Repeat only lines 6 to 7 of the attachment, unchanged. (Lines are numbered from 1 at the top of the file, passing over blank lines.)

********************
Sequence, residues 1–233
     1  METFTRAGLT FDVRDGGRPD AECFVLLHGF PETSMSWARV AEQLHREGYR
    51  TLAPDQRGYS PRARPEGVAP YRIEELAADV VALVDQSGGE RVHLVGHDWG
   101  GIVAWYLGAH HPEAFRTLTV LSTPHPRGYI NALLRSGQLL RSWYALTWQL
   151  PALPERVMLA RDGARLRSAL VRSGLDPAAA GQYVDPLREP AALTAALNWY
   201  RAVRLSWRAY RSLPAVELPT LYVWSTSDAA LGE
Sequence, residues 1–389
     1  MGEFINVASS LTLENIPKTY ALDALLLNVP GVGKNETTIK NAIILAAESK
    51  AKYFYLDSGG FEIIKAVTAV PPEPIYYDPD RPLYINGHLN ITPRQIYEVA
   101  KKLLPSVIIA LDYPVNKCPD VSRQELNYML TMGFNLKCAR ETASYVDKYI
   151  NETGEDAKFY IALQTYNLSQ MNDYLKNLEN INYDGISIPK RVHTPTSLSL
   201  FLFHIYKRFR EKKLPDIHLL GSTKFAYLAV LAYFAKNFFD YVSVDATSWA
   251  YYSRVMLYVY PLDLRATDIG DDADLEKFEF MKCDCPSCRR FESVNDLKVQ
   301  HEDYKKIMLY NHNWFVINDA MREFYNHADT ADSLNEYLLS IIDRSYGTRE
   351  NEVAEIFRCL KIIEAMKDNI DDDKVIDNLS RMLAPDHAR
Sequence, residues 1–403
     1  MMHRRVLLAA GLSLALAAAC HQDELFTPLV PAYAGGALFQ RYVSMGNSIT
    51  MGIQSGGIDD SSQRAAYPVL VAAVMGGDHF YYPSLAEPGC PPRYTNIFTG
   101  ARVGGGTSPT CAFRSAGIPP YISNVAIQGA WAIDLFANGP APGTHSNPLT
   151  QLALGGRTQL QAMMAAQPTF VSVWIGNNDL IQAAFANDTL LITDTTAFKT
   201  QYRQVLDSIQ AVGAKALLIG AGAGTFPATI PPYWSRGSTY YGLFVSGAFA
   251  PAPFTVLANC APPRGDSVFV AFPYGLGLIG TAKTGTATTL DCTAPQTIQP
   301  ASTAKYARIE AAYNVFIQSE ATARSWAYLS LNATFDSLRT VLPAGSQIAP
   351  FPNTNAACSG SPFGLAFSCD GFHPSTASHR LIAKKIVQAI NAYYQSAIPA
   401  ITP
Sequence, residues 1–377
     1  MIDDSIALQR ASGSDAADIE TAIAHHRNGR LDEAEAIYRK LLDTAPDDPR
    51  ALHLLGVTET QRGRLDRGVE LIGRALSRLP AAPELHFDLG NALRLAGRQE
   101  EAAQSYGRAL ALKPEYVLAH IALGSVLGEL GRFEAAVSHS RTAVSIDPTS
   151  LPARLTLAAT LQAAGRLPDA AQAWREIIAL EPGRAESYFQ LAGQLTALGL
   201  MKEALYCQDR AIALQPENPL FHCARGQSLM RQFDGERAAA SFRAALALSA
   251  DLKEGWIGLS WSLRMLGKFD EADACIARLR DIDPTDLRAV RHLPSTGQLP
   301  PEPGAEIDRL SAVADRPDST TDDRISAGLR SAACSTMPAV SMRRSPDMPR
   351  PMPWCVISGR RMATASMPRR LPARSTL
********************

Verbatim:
   201  RAVRLSWRAY RSLPAVELPT LYVWSTSDAA LGE
Sequence, residues 1–389